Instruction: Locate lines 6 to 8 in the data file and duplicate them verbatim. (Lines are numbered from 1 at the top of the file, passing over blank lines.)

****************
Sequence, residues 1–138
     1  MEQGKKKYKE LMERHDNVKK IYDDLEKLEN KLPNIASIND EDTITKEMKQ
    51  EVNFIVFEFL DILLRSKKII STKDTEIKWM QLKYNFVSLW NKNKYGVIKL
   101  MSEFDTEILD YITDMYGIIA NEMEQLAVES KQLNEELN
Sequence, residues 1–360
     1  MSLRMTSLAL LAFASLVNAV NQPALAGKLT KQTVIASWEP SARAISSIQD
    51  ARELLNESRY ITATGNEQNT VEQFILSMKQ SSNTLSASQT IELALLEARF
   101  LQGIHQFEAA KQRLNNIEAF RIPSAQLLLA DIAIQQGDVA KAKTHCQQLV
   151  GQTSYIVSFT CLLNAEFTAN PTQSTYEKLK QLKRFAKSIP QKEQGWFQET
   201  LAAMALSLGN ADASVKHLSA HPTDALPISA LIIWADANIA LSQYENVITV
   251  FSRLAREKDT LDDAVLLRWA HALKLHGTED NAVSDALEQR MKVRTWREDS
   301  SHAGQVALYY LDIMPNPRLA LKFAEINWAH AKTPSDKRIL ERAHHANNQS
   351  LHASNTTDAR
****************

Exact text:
     1  MSLRMTSLAL LAFASLVNAV NQPALAGKLT KQTVIASWEP SARAISSIQD
    51  ARELLNESRY ITATGNEQNT VEQFILSMKQ SSNTLSASQT IELALLEARF
   101  LQGIHQFEAA KQRLNNIEAF RIPSAQLLLA DIAIQQGDVA KAKTHCQQLV